From 2009 to 2036, Canada’s population could grow from 33.7 million to between 40.1 million under the low growth scenario and 47.7 million under the high growth scenario.
Results at the provincial and territorial levels vary according to the scenario considered, mainly due to differences in interprovincial migration patterns. Overall, regardless of the scenario, growth would be higher than the national average in Ontario and British Columbia. The population of every province and territory would increase during this time, except in some scenarios in the case of Newfoundland and Labrador.
Canada’s population would age rapidly until 2031, by which time the entire baby boom generation would have turned 65. It would continue ageing after 2031, but at a less rapid pace.
By 2036, the number of seniors is projected to reach between 9.9 million and 10.9 million, more than double the level of 4.7 million in 2009. They would surpass the number of children aged 14 or under for the first time ever between 2015 and 2021, depending on the scenario.
By 2036, the median age of the population would range between 42 and 45 years, compared with the current median of 39.5.
Contributors to demographic growth
Canada’s population growth depends on two factors: natural increase (births minus deaths), and net international migration (immigrants minus emigrants).
The number of deaths is projected to increase during the entire period between 2009 and 2036, as the baby boom generation gets older. Under the medium-growth scenario, natural increase would remain positive until 2036, although the levels of births and deaths would get closer over time.
Regardless of the scenario, immigration levels would represent a larger share of the projected population growth at the national level. Because large numbers of new immigrants consist of younger individuals in the child-bearing age, sustained levels of immigration would also have a positive impact on the number of births.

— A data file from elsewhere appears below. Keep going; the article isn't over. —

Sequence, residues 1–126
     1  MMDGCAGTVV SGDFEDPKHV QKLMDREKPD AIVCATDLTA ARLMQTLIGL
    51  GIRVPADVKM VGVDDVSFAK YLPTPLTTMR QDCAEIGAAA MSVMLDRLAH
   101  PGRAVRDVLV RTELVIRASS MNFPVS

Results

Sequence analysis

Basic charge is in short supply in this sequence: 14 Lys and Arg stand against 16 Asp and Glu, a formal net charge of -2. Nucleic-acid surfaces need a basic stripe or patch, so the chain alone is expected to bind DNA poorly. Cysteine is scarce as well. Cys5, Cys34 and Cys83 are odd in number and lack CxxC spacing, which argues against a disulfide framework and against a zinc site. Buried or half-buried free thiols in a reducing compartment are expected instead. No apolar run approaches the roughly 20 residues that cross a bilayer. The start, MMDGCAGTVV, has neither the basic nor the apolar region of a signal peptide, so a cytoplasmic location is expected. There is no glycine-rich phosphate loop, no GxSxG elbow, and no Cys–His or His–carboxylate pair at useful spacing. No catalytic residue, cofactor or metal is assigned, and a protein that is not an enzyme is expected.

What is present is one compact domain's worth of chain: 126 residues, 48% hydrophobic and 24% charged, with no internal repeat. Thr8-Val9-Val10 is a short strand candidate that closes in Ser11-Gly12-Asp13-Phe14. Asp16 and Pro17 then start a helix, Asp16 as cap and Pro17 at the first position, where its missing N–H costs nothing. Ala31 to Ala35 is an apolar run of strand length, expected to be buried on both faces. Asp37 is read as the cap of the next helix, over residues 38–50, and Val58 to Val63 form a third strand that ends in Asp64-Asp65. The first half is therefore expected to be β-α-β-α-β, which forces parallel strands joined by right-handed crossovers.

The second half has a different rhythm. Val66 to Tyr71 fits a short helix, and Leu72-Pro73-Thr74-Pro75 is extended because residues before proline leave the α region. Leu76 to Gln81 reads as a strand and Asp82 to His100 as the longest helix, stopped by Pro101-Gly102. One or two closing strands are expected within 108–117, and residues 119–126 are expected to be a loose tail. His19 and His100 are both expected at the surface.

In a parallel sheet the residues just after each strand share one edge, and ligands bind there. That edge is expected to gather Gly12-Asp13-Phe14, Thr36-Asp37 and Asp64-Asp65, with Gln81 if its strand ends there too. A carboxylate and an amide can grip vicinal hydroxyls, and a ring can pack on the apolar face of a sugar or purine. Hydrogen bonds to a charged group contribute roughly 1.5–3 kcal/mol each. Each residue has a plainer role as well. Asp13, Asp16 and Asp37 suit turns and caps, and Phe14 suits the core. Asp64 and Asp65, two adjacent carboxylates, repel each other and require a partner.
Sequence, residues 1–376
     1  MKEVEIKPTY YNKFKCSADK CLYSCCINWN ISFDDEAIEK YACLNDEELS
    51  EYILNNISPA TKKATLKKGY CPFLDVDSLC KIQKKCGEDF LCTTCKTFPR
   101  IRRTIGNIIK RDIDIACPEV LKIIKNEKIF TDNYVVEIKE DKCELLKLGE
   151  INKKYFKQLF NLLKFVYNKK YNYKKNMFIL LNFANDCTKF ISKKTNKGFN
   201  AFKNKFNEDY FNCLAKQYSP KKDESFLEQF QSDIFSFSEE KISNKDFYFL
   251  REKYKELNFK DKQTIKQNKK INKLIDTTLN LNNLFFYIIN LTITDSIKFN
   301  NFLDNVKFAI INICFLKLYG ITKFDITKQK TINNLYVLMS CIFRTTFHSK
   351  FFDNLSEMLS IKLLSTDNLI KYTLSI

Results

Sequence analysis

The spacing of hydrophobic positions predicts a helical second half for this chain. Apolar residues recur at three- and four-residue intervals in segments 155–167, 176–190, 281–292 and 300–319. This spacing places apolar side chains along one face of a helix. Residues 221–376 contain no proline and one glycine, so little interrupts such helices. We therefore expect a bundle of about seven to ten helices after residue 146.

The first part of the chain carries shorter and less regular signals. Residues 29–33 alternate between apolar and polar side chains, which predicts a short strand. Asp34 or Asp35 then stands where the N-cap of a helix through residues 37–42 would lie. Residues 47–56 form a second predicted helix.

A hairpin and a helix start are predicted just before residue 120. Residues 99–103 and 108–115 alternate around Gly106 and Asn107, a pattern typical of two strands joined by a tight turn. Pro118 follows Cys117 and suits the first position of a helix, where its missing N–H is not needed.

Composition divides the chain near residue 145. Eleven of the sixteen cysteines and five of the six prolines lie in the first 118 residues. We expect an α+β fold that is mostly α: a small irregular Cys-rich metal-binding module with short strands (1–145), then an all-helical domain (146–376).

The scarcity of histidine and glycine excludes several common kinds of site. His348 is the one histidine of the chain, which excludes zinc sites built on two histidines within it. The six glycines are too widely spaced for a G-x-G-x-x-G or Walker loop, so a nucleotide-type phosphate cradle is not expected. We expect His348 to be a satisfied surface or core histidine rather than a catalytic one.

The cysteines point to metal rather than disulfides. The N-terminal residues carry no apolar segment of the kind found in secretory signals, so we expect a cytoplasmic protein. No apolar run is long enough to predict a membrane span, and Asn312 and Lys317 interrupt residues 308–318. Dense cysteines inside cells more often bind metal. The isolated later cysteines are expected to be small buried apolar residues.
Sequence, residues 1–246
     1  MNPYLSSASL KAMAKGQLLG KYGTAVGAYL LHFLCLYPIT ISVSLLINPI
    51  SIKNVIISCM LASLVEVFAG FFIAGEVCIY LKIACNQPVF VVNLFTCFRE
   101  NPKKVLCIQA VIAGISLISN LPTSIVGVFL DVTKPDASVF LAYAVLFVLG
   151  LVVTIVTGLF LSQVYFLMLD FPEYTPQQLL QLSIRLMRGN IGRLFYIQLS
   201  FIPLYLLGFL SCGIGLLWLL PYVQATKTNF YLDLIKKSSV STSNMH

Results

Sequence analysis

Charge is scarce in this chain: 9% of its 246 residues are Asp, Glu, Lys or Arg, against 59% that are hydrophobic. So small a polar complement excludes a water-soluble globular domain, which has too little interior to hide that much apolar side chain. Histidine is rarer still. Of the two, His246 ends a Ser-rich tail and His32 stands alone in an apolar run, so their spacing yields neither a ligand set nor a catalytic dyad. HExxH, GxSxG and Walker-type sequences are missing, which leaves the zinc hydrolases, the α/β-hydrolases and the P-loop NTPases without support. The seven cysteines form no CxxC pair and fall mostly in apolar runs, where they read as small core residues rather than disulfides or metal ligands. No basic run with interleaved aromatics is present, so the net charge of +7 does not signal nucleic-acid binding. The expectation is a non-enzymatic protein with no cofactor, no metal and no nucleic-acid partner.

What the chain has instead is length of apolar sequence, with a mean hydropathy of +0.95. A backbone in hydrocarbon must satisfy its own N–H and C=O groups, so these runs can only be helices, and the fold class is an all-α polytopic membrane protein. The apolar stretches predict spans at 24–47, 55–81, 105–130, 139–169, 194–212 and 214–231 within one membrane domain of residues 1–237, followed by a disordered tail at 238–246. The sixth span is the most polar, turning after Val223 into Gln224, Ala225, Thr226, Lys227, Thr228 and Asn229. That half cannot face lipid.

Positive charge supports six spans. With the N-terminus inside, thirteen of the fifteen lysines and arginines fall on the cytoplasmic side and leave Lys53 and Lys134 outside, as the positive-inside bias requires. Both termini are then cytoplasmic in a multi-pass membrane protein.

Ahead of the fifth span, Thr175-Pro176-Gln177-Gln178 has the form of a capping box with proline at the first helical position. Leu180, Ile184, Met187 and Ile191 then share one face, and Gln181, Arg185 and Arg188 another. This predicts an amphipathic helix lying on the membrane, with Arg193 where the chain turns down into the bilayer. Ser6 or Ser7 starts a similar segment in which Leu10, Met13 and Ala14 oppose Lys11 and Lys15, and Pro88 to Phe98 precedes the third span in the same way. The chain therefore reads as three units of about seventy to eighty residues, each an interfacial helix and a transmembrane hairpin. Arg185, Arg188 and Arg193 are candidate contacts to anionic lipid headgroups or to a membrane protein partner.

According to the medium-growth scenario, Canada would receive roughly 333,600 immigrants a year by 2036, compared with 252,500 in 2010.
Age structure of the population
Projections show that seniors would account for between 23% and 25% of the total population by 2036, nearly double the 13.9% in 2009. Higher immigration levels would do little to change the forthcoming ageing of the Canadian population.
At the same time, the proportion of the working-age population aged 15 to 64 would decline steadily from about 70% to about 60%.
Provincial and territorial projections
Ontario and British Columbia are the only provinces in which average annual growth would exceed the growth rate for Canada as a whole between 2009 and 2036, according to all scenarios.
Ontario’s population would increase from nearly 13.1 million in 2009 to between 16.1 million and 19.4 million in 2036, depending on the scenario. Under the medium-growth scenario, it would account for 40.5% of the national population in 2036, up from 38.7% in 2009.
The population of British Columbia would increase from nearly 4.5 million in 2009 to between 5.8 million and 7.1 million in 2036. Under the medium-growth scenario, its share of Canada’s total population would rise from 13.2% to 14.5%.
Quebec would remain the second most populous province. Its population would rise from 7.8 million in 2009 to between 8.6 million and 10.0 million in 2036.
Under the lowest-growth scenario, Newfoundland and Labrador’s population would decline from 508,900 in 2009 to 483,400 in 2036. Under the highest-growth scenario, it would rise to 544,500.
Edited by Tapa Menon
You can find more details at: http://www.statcan.gc.ca/daily-quotidien/100526/dq100526b-eng.htm